On the last weekend of the month, we had another camping party head off with some considerable bags. We dropped Tom, Angy, Richy and Bridget at Sorling beach with skies to traverse the Barff Peninsula to St. Andrews Bay. We had dropped some supplies there for them during the week when out boating so I’m sure they had a superb week and enjoyed the sausage and bacon immensely in the mornings!
On the science side of life here at KEP this month, our two scientists have been as assiduous as ever. Luke was away trawling during the second week of the month. Some of the sites trawled include Gold Harbour and Possession Bay in the Bay of Isles. Luke is also kept a busy man with a freezer full of samples that he is industriously working his way through.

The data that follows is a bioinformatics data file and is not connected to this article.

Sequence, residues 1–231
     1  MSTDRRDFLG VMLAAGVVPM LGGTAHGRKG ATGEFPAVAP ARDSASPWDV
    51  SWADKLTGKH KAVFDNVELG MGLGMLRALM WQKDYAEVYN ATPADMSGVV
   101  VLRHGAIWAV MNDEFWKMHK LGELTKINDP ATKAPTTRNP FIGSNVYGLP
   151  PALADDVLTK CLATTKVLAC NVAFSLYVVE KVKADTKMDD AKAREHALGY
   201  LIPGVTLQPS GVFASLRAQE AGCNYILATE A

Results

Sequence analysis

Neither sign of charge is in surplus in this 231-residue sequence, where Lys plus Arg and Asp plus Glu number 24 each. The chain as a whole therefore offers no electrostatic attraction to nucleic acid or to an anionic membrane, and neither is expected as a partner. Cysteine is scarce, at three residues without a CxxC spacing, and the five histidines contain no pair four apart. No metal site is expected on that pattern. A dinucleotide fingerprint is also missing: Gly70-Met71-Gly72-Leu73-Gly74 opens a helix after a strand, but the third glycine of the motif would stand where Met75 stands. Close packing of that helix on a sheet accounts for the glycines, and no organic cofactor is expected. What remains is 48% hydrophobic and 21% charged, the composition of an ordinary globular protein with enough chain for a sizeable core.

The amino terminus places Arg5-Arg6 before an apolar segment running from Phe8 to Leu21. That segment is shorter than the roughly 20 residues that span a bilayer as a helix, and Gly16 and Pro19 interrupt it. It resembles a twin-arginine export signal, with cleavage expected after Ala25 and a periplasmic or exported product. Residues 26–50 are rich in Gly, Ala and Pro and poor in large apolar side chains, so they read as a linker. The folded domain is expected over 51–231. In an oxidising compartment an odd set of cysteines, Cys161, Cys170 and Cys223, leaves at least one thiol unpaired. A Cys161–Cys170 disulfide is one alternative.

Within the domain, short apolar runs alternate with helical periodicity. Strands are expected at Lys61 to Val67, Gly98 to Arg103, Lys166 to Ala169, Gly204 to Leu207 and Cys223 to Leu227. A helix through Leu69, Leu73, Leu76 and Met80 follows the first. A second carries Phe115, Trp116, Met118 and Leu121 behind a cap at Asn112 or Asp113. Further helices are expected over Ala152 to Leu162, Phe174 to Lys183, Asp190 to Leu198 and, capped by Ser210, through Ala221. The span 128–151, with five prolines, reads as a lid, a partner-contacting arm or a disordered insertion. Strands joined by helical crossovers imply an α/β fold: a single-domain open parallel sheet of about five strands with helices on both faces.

Jon, as ever, has been on many poo missions this month and also on Tuesday the 29th completed a census of the Gentoo penguin colony at Maiviken with Pat Lurcock.
Us boaties have also been hard at work. We slipped the jet boats 3 times this month for routine maintenance. For those of you who know boats, you will know that there is always work to be done on them and enough to keep you going.
We also had doc school this month, and Angy is keeping us up to speed with our first aid.
Needless to say Tommy and Richy are putting in the hours and keeping the base ticking over with our fearless leader Tom at the helm. So, all the team have put down another cheerful and blissful month here at KEP. The only problem is the months are going too fast for some of us.
From the now melted wildlife haven that is KEP,
Slan go foill,